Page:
Judex turned up again in 1934, in a film directed by Maurice Champreux before Franju gave his own twist to the character. Franju is most famous for his exceptional horror film, Les Yeux sans Visage (1960) which still packs a punch today; I saw it at a cinema several years ago and one notorious scene drew gasps from an unprepared audience. Nearly everything else of his, Judex included, appears to be out of circulation. Franju began his career as a maker of documentary shorts whose approach to the medium was inspired by the juxtapositions of the Surrealists. In the celebrated Le Sang des bêtes (1949), he contrasted scenes of day-to-day life in Paris with film of animals being killed in the city’s slaughterhouses. This attitude was carried over into his dramas—Les Yeux manages to be lyrical as well as horrifying—and was impressive enough for Jean Cocteau to declare he’d happily entrust his work to Franju. This perhaps explains why Franju’s work has been so overlooked since his death in 1987, both he and Cocteau were mavericks who don’t easily fit the usual narrative of French cinema history.


left: Une Semaine de Bonté (1934) by Max Ernst; right Channing Pollock as Judex.

Franju’s Judex was portrayed by an American stage magician, Channing Pollock, whose act with doves was put to use in the film. There’s a great scene of a masked ball (the only part of the film I’ve yet seen) with all the characters wearing bird masks that looks like a page from Max Ernst’s collage novel, Une Semaine de Bonté, brought to life. Senses of Cinema compares the remake with the original:

Franju sought in particular to recapture Feuillade’s sense of documentary and his playfulness. He reproduced with as much exactitude as possible the costumes and settings which Feuillade filmed in scrupulous detail. Feuillade’s street-scapes are now an invaluable documentary record, but Franju also paid particular attention to reproducing the elaborate interior designs and furnishings of the day, resulting in settings of quite extraordinary detail and clutter. Franju also sought, despite the playfulness, to avoid any camp satire of these elements by over-emphasis or any special attention being paid to them.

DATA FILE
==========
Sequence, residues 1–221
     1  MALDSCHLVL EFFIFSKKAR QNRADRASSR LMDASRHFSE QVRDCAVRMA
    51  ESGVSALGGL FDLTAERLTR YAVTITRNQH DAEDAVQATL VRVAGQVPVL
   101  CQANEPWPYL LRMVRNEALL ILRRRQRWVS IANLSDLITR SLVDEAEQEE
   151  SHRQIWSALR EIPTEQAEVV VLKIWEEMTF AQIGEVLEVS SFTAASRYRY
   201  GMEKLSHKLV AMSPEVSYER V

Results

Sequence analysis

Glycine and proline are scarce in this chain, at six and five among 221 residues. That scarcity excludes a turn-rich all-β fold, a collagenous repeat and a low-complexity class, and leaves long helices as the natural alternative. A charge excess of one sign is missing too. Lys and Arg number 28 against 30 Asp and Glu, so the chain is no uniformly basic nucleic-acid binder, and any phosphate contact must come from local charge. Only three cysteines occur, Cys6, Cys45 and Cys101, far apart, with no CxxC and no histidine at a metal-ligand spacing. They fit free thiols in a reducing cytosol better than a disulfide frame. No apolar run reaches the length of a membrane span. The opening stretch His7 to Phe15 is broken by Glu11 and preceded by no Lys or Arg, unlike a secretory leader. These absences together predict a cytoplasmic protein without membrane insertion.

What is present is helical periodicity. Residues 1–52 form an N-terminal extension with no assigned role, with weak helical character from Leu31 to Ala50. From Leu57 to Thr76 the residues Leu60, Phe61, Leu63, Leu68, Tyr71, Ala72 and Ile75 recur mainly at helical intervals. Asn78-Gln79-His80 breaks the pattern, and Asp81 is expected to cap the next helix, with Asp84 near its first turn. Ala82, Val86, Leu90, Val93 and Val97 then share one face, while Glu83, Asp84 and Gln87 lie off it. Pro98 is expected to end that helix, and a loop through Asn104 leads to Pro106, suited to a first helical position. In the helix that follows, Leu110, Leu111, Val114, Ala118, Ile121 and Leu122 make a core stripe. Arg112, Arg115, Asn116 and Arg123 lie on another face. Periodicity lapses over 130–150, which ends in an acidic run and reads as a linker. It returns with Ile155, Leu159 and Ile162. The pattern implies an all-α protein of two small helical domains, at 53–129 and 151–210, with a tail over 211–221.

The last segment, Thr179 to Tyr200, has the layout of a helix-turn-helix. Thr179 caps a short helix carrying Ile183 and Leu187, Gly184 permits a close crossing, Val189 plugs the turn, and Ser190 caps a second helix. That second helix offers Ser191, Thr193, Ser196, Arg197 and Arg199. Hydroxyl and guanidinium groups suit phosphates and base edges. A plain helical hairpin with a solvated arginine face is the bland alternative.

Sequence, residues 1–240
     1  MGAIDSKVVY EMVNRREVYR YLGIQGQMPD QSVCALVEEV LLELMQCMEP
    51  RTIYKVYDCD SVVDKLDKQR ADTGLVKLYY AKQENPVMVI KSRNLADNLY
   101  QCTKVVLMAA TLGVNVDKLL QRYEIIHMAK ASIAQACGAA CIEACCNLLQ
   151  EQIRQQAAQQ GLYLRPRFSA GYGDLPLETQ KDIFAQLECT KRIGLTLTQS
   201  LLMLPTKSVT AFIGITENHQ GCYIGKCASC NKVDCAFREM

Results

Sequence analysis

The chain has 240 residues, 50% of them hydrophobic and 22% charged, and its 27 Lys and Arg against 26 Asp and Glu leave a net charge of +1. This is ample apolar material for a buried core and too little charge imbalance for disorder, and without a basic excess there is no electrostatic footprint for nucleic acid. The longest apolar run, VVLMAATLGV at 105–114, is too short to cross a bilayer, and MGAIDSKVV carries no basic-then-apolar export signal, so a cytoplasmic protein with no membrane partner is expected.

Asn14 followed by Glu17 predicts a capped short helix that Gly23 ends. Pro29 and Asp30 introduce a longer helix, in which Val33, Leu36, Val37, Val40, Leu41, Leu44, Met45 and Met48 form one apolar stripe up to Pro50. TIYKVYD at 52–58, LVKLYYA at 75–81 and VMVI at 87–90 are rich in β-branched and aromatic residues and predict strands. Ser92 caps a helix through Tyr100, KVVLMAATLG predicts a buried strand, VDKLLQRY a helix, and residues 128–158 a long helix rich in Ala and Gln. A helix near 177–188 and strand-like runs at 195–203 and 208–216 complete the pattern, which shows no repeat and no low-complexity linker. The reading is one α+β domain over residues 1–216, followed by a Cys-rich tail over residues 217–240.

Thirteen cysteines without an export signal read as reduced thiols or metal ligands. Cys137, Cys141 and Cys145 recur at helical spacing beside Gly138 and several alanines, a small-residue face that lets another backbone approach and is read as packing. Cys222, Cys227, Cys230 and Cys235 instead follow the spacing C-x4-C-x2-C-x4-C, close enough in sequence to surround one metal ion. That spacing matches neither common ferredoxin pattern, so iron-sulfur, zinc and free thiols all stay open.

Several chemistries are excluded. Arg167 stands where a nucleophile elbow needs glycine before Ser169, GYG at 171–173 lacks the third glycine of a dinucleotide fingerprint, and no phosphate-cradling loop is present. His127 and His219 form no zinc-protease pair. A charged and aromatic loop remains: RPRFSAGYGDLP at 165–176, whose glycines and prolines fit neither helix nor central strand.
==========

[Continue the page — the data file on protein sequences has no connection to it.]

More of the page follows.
In the title role, Franju pulled off his most brilliant coup by casting the master prestidigitator of his day, near godlike in his handsomeness, Channing Pollock. Pollock’s skills as a magician were employed to produce a dazzling array of apparent magical occurrences involving, most particularly, disappearing doves, a plot device that Feuillade uses to enable the regular rescue of the heroine and others by Judex. Franju’s Judex is a far livelier, less sombre, more inventive and more mysterious character than that of Feuillade.


Francine Bergé as the villainous Diana Monti in Franju’s Judex (1963).

Edith Scob (the faceless girl in Les Yeux) played Jacqueline, the imperilled heroine, while Francine Bergé incarnates yet another cat-suited Feuilladesque villain. The cat-suits returned, along with the masks, in a further Feuillade homage, Nuits Rouges (1974), a feature film cobbled together from a French TV series. This page has stills from all of these and this site concerning French pulp characters (from which much of the information above was swiped) goes into more detail about the creation of Judex. There you can also read about other fascinating personages such as Belphegor, Phantom of the Louvre (another creation of Arthur Bernède), Ferocias and the Mysterious Doctor Cornelius.

And so to the inevitable question: how long do we have to wait for a Judex DVD?

See also:
Fantastic, Mysterious, and Adventurous Victoriana by Jess Nevins
Les Vampires at the Internet Archive

Previously on { feuilleton }
Danger Diabolik
Boys Own Books
Alla Nazimova’s Salomé
Meshes of the Afternoon by Maya Deren
La Villa Santo Sospir by Jean Cocteau